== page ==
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    The Canon 30D is a much better camera (even though lower MB) than the XTi. And, it can be had for almost the same money. Give Roberts Camera a call (www.robertsimaging.com) and compare prices.

    The 30D is a pro-sumer camera. The XTI is not nearly as durable.

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    I'm blown away by how inexpensive, high mega-pixel digital cameras have become in the last 2 years....wow.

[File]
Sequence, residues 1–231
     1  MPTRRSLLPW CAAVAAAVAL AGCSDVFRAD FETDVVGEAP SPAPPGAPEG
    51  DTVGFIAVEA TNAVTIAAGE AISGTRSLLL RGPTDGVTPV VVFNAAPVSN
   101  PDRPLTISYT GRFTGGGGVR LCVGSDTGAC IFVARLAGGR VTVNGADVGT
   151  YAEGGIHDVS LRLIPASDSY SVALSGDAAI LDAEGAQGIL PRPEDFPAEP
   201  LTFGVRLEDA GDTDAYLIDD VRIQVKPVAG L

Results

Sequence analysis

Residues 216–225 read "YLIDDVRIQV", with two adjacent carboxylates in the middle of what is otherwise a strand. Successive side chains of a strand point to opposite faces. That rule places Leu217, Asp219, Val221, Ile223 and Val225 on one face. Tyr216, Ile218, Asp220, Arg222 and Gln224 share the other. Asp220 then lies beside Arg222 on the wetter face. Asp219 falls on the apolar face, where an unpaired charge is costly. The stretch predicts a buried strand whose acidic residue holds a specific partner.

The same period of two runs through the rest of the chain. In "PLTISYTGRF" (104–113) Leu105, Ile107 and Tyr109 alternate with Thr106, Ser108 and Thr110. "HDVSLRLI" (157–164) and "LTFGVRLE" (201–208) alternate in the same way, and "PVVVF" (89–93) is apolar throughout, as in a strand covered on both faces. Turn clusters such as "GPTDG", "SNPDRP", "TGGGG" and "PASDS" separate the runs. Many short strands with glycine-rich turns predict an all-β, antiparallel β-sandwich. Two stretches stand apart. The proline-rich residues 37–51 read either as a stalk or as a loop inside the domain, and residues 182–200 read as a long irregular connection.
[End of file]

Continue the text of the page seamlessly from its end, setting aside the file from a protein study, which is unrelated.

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    I shoot Canon, but that doesn't necessarily make me partial to Canon: It's simply the system I bought into when I moved into DSLR's (they were clearly the leaders at that time) and it can be expensive to switch systems. Anyway, I try to be impartial: So many of the review sites and forums which used to be such good sources of information have simply turned into places for "my camera's better than yours" or "Nikon is better than Canon (or the other way around)" arguments. You can't really go wrong with entry level models from Nikon or Canon. There are differences and they mostly come down to personal preferences. I personally think that the Nikon D40 is a better camera in most respects than the XTi. Everything except image quality- there I think the XTi has an edge.